Objectives: This study investigated the causal effect of having a usual source of medical care on the timing of preventive services by women and children.
Methods: Data on 17,110 children and 23,488 women from the 1988 and 1990 National Health Interview Surveys were used to estimate ordered probit models of the effect of having a usual source of medical care on the time since the last receipt of each preventive service (routine checkups for children; blood pressure checks, Pap smears, and breast exams for adult women; mammograms for older women). Two-stage instrumental variables methods were used to eliminate simultaneity bias.
Results: The existence of a usual source of medical care was strongly correlated with the earlier receipt of preventive services, and the relationship appears to be causal for Pap smears, breast exams, and mammograms. However, there was little evidence that having a regular provider caused an increased rate of routine checkups for children or blood pressure checks for adult women.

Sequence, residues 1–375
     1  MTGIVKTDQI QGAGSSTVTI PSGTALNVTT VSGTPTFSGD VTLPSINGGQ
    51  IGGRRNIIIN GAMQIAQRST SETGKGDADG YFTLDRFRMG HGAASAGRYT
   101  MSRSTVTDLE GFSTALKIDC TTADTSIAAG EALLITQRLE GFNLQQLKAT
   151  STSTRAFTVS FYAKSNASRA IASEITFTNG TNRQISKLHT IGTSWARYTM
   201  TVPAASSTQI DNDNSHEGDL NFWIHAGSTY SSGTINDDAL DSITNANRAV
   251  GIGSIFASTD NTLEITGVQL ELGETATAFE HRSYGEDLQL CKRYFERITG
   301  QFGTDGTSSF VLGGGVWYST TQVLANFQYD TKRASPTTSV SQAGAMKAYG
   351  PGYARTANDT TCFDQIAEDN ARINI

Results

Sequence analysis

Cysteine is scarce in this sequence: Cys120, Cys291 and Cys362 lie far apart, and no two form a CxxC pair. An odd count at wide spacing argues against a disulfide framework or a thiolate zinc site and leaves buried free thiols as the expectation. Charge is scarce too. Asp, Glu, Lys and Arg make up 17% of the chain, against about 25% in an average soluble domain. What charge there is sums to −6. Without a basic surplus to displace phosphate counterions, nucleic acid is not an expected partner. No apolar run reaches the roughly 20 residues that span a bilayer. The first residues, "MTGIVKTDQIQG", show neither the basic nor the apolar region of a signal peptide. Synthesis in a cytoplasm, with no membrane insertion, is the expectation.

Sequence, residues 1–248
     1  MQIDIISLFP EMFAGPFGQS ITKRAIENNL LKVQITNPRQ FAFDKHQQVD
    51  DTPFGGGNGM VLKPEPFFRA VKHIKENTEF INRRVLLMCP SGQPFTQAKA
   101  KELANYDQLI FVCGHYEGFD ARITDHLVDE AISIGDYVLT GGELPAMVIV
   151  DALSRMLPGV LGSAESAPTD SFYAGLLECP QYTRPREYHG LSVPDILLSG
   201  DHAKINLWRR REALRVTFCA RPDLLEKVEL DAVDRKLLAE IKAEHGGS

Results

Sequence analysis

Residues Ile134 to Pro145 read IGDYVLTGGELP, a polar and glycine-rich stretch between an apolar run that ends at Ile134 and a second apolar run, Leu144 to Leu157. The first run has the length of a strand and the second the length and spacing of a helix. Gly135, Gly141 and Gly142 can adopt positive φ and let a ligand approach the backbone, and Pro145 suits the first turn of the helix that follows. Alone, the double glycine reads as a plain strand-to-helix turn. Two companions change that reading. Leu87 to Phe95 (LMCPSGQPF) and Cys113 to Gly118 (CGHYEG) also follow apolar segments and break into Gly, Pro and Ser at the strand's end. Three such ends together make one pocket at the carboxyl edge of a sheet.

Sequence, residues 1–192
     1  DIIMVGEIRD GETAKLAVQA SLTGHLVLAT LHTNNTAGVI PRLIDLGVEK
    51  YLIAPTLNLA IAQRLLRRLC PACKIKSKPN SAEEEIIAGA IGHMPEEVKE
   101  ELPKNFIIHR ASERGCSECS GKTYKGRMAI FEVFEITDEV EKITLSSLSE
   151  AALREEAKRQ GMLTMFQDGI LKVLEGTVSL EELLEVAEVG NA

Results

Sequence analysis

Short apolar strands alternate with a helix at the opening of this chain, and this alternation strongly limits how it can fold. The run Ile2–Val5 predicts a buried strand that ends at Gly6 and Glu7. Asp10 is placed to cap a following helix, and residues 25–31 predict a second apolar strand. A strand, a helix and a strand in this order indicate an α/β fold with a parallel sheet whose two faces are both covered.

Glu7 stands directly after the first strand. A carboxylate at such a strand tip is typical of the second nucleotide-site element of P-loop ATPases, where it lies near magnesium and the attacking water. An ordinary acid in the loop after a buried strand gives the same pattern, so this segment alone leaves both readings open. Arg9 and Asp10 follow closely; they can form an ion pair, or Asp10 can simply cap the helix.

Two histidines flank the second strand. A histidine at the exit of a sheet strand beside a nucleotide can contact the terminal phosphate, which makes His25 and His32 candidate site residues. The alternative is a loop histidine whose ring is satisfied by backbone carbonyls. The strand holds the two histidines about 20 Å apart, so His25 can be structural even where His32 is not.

Conclusions: Delivery systems that encourage the development of long-term relationships with medical providers may increase cancer screening rates among women.